Date of Award


Degree Type


Degree Name

Doctor of Philosophy (PhD)

Graduate Group

Biochemistry & Molecular Biophysics

First Advisor

Ravinder Reddy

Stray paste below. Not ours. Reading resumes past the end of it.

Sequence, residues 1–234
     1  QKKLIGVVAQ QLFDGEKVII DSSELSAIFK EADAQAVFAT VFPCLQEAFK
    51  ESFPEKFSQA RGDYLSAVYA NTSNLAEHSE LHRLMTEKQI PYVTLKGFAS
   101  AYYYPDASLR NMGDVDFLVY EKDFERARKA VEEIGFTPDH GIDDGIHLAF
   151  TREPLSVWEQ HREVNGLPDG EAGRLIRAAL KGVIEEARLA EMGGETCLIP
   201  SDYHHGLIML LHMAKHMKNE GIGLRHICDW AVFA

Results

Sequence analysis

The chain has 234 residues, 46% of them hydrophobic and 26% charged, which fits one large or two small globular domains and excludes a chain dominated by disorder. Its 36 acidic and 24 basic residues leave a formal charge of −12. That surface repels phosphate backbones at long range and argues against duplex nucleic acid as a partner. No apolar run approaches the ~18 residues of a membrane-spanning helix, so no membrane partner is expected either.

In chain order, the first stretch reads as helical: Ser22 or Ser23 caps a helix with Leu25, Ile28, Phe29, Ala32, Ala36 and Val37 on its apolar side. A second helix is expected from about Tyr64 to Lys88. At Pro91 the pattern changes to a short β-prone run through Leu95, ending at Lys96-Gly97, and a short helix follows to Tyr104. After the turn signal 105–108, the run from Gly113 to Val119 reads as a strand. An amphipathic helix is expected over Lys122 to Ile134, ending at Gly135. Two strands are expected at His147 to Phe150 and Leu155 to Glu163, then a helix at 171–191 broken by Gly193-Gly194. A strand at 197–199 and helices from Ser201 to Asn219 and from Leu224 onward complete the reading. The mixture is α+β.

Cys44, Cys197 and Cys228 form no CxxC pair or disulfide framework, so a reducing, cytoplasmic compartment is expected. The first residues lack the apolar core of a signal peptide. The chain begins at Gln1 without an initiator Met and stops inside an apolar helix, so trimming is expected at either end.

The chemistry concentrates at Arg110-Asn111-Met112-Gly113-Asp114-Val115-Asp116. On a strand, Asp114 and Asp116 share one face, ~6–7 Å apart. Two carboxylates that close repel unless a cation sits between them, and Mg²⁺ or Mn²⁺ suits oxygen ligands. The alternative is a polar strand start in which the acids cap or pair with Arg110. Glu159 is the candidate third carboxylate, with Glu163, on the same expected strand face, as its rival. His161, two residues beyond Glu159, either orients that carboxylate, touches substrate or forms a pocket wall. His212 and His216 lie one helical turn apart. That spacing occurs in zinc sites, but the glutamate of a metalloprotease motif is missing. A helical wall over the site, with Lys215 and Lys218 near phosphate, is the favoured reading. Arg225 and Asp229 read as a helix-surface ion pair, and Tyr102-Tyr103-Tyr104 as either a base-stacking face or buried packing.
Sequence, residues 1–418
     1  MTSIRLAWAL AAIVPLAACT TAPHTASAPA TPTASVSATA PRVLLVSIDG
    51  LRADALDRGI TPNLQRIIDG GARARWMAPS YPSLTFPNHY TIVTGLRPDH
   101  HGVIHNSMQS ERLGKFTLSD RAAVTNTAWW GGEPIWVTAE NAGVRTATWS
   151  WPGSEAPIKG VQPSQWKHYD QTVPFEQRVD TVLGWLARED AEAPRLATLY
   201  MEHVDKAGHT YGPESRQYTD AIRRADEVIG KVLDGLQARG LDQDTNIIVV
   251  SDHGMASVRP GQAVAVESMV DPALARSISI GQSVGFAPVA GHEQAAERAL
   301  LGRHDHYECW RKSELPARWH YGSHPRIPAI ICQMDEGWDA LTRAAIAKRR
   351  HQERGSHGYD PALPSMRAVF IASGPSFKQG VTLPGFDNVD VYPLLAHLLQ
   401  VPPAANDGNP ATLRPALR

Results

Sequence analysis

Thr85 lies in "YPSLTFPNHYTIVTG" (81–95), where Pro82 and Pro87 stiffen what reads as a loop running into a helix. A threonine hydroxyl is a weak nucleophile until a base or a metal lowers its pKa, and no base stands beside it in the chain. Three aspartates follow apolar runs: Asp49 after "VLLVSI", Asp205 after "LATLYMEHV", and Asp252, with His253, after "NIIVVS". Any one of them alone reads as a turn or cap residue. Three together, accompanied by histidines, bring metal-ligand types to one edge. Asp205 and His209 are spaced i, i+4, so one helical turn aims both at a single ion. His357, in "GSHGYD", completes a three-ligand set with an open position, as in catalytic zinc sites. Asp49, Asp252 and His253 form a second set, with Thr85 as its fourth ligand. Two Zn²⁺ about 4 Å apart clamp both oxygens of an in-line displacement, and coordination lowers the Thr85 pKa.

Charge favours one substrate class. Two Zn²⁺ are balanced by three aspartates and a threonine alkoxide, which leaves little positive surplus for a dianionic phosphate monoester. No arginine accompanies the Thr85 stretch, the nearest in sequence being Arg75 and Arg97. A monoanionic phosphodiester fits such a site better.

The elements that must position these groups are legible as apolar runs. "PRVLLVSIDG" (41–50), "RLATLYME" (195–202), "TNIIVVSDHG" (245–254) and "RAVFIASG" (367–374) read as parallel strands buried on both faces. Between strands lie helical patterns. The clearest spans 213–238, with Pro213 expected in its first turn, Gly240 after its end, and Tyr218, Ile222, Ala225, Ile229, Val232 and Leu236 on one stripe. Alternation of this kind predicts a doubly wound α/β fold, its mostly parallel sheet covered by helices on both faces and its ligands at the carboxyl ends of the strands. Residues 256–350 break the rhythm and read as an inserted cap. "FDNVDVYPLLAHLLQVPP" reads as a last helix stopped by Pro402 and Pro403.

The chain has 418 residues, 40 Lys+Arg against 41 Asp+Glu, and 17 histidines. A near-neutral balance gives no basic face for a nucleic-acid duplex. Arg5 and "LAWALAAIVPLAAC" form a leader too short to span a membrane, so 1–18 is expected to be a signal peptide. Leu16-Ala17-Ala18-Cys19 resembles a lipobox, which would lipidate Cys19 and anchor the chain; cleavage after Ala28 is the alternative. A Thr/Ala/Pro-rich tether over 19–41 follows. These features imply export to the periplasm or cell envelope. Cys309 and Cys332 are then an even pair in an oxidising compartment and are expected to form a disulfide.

Oxidative phosphorylation (OXPHOS) and glycolysis are two cellular metabolic pathways that play a crucial role in the functions of biological systems. Currently, magnetic resonance spectroscopy (MRS) (13C, 31P, and 1H) and positron emission tomography (PET) methods are used to investigate changes in these pathways that result from metabolic dysfunction. However, MRS methods are limited by low resolution and long acquisition times. While 18F-fluoro-2-deoxy-D-glucose (18F-FDG) PET is a widely used clinical modality, it requires the use of radioactive ligands. Thus, there is an unmet need for techniques to image these metabolic processes noninvasively, and with higher resolution in vivo. In this dissertation, we exploited the chemical exchange saturation (CEST) phenomenon to develop and optimize endogenous CEST magnetic resonance imaging (MRI) methods to measure OXPHOS and glycolysis, and demonstrated application of those techniques to study impaired metabolism in vivo. These CEST methods offer several orders of magnitude higher sensitivity compared to traditional spectroscopic techniques. Recently developed CEST imaging of free creatine (CrCEST) was targeted as a means of measuring OXPHOS. We optimized and validated this technique in healthy human skeletal muscle, showing that CrCEST imaging in dynamic exercise studies provides a measure of the mitochondrial rate of OXPHOS. CrCEST imaging was then implemented in a cohort of subjects affected by genetic disorders of the mitochondria. The results of these studies demonstrate that CrCEST has the capability to distinguish between healthy and impaired OXPHOS in muscle. In some diseases with altered metabolism, like cancer, aerobic glycolysis dominates, leading to increased lactate production. Existing methods for imaging lactate in vivo involve expensive, radiolabeled tracers. In this work, we demonstrated the feasibility of imaging lactate with CEST (“LATEST”) in phantoms with physiological concentrations. Then, we validated the method dynamically in vivo by measuring lactate production and clearance in intensely exercised human skeletal muscle, which utilizes anaerobic glycolysis. Finally, we infused rats bearing lymphoma tumors with non-labeled pyruvate and demonstrated the ability of LATEST MRI to image tumors and measure dynamic lactate changes over time. Together, these studies demonstrate that metabolic processes can be monitored in vivo using CEST MRI, with potential for widespread clinical applications.

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